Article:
[an error occurred while processing this directive]
BBC News
watch One-Minute World News
Last Updated: Wednesday, 25 April 2007, 15:48 GMT 16:48 UK
Fees seem not to deter students
primary pupils doing science "focus week"
NFER research highlights scheme to raise youngsters' aspirations
The early surge in applications to English universities is down a little but they are still 6% up on 2006.

By the end of March there had been 5.2% more applicants across the UK compared with March 2006, at 446,765, the admissions service Ucas said.

Ministers were pleased to see an increase in applications from people from less affluent backgrounds.

Research has shown how targeted support can get youngsters from a deprived area to set their sights on university.

A study by the National Foundation for Educational Research (NFER) said a project in London was so successful it should be expanded.

The Ucas statistics are for entry to universities and colleges of higher education this autumn.

Its first indicators, for January, had shown a rise of 7.2% - to the relief of ministers, in view of "top-up" tuition fees.

The number of people applying to Northern Ireland's universities, where variable fees of up to 3,000 also now apply, was down 0.4% to 18,387.

Applicants to Wales fell 0.3% to 64,851 and to Scotland were up 1% to 80,056.

'Critics wrong'

The English figures were welcomed by England's Higher Education Minister, Bill Rammell, who said they showed tuition fees were not putting students off applying to university as many had predicted.

Bill Rammell
Bill Rammell said critics had been proved wrong
"The critics of the new system are being proved emphatically wrong."

He added: "I am encouraged by the increase in the proportion of applicants from England who are from the bottom four socio-economic groups: 32.3% this year, compared to 31.9% at the same point last year."

Ucas urged some caution on these socio-economic figures because so many are "unknown".

National Union of Students president Gemma Tumelty called for more information on the background of each university's student population.

"In the face of the government's campaign to broaden access to universities, elite public schools have actually increased the number of pupils they send to Oxbridge over the last five years, whilst ethnic minority students are twice as likely to attend modern universities than traditional universities," she said.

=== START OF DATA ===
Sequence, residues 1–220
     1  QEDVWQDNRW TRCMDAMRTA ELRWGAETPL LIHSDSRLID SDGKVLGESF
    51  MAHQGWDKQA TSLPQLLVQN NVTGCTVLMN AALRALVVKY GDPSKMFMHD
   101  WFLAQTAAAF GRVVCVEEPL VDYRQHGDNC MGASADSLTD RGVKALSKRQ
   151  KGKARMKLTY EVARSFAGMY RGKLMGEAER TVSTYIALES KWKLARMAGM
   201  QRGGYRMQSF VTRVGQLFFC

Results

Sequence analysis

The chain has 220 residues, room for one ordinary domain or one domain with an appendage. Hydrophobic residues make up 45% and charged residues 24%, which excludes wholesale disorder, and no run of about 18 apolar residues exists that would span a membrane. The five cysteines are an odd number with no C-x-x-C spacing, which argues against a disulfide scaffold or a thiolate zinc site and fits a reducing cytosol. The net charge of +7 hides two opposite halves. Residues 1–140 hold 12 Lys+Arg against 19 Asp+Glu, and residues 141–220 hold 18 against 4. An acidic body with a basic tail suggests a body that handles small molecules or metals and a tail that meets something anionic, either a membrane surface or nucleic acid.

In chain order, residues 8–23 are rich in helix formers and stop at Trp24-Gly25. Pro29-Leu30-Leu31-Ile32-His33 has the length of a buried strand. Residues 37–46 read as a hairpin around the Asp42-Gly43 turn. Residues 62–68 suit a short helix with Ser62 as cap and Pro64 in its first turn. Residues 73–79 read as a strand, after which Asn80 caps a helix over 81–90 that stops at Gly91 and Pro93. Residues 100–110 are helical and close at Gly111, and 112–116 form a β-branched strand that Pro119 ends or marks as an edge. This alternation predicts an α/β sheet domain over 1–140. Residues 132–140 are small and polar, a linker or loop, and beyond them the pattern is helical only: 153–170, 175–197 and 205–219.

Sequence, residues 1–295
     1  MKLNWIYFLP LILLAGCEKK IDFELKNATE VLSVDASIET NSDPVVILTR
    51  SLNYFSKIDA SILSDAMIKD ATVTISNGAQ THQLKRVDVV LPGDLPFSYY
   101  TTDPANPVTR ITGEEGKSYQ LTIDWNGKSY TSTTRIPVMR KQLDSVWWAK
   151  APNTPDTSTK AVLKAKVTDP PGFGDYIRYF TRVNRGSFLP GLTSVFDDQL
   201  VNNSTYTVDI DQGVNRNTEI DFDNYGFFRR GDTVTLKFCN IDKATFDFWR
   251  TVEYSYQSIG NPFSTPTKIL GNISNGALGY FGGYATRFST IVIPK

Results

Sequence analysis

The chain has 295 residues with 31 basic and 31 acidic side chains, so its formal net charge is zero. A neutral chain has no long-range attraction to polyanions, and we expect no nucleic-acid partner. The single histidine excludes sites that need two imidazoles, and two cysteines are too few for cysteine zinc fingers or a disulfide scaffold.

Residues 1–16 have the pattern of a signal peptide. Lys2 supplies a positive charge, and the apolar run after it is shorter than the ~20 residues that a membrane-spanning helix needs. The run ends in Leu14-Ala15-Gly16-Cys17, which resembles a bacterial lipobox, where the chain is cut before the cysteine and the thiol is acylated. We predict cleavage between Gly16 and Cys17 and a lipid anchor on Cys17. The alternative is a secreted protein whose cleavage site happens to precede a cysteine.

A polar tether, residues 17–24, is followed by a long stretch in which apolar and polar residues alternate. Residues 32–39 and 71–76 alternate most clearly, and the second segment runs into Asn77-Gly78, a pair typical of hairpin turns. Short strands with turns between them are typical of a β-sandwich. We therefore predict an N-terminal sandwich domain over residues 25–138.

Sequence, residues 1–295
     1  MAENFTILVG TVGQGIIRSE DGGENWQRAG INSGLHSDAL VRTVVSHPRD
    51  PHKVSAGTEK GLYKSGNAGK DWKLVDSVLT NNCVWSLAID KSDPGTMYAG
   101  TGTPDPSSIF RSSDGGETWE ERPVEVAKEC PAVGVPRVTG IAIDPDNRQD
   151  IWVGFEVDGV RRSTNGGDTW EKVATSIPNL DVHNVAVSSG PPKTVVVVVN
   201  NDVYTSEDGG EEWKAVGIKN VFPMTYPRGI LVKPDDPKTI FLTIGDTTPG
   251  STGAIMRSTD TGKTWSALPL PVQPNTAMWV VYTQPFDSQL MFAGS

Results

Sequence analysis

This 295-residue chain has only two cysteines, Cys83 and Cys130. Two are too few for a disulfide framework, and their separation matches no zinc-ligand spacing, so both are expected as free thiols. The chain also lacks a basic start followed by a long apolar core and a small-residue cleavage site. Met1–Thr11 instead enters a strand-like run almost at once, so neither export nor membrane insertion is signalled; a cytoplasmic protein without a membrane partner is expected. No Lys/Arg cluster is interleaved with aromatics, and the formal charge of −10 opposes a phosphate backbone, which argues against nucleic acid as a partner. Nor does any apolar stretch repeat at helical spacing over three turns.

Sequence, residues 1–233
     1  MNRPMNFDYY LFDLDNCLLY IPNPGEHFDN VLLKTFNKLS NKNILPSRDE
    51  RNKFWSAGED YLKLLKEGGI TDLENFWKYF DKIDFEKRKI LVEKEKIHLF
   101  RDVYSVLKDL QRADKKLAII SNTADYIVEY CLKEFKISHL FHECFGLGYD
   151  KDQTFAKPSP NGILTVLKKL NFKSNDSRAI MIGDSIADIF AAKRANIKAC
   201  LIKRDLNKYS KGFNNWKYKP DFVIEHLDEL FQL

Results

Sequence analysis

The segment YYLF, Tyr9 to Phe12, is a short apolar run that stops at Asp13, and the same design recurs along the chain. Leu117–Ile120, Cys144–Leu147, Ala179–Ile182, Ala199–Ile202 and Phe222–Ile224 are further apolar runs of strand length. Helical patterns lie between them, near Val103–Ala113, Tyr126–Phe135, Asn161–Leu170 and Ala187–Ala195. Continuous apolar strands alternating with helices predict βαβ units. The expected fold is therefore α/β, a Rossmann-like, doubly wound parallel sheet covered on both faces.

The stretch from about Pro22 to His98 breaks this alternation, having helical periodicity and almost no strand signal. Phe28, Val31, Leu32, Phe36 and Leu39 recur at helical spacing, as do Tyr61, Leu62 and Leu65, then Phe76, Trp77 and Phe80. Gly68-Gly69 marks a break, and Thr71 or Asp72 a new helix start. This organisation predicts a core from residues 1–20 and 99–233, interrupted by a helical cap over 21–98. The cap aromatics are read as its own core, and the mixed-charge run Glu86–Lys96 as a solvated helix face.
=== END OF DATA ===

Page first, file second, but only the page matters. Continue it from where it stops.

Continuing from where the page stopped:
The vice-chancellors' organisation Universities UK said the figures showed many people still believed a university education to be "a worthwhile investment in their futures".


The NFER study was into a scheme called IntoUniversity, launched five years ago and funded by the Sutton Trust educational charity.

Based in North Kensington, it is aimed at children most at risk of failing to meet their potential to go to university due to economic, social, cultural or linguistic disadvantage.

It targets them in various ways but primarily through school liaison work such as assemblies and workshops, with half-term "focus weeks" to learn about subjects including media studies, performing arts and science.

We want to provide all our students with the opportunities that many middle-class students take for granted
Dr Rachel Carr
IntoUniversity project
Young people who have been involved in one strand of the programme are encouraged to attend other aspects.

One example in the report is Abdi, a Year 12 student, who said a trip to BBC studios had enabled him to direct a programme which he would never be able to do at school.

After that he decided he wanted to attend an academic support scheme to improve his grades.

The researchers said the programme "has a positive, transformational impact on children and young people in terms of their academic success, attitudes to learning and social skills".

"It was clear that IntoUniversity had played a key role in helping children and young people in clarifying, supporting and strengthening their aspirations and achieving their goals."

Dr Rachel Carr from IntoUniversity said: "We want to provide all our students with the opportunities that many middle-class students take for granted.

"This research shows that we are succeeding and we are now looking for further sponsorship so that we can expand."

The chairman of the Sutton Trust, Sir Peter Lampl, said: "There are lessons here for government, universities, local authorities and others who are seeking to tap fully the nation's talent in the hardest areas to reach.

"This role model should be rolled out across the country."

Are top-up fees changing courses?
14 Feb 07 |  Education
Universities offer more bursaries
14 Feb 07 |  Education
Q&A: Student fees
23 May 06 |  Education

The BBC is not responsible for the content of external internet sites

Has China's housing bubble burst?
How the world's oldest clove tree defied an empire
Why Royal Ballet principal Sergei Polunin quit


Americas Africa Europe Middle East South Asia Asia Pacific